Compressed baker's yeast was only developed and made widely available in the late 19th century. Prior to this, the forms of yeast available to bakers were often unpredictable, and relatively weak. Pre-ferments provided a way to ensure that the yeast was active and capable of raising bread before the dough was prepared. During the period that the pre-ferment is left, the yeast cells will reproduce and multiply while metabolising the sugars in the flour. If the mixture can be seen bubbling and increasing in volume, it is a clear indicator that the yeast population is expanding and is healthy.
Although baker's yeast is now widely available and cheap, many bakers continue to use pre-ferments because they can also improve the flavour and texture of bread. The pre-ferment itself is left for much longer than a straight dough; the dough also takes longer to bulk ferment and prove (typically twice to three times as long). The extended fermentation allows a 'friendly' bacteria known as lactobacillus to start producing acids that contribute flavour to the finished bread. It also allows more time for the gluten network to develop, which can contribute to a more open crumb texture.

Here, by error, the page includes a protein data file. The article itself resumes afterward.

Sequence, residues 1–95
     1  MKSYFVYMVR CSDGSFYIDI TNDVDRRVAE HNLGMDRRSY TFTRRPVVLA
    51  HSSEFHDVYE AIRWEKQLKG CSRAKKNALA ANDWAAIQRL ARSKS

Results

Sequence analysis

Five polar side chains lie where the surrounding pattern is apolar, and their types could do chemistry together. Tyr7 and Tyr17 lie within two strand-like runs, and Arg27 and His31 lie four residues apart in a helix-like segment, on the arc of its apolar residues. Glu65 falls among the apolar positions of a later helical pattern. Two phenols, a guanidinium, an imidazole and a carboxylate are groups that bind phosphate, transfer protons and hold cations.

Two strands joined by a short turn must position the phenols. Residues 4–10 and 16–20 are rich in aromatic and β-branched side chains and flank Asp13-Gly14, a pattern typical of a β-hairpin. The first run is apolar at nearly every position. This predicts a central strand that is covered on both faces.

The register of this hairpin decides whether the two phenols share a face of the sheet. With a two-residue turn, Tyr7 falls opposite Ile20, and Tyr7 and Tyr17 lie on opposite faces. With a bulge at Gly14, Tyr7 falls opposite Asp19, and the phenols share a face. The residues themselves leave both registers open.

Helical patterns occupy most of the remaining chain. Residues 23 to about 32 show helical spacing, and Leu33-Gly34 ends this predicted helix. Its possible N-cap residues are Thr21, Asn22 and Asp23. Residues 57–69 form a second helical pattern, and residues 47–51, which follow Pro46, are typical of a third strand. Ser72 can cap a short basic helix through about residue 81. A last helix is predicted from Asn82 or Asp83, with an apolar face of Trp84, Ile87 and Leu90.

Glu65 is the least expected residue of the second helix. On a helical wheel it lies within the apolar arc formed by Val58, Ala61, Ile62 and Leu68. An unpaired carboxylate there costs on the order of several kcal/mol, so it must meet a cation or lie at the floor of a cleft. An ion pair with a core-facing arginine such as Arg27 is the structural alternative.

A pre-ferment is sometimes used with a starter instead of baker's yeast as a way to increase the yeast population and shorten bulk fermentation and proving. It is sometimes referred to in this context as a build.
Pre-ferments are known by different names including sponge, poolish, biga, and old dough. Note that the term should be hyphenated as it is here -
Want to find out more? Look at the chapter on pre-ferments in the book flour and water.
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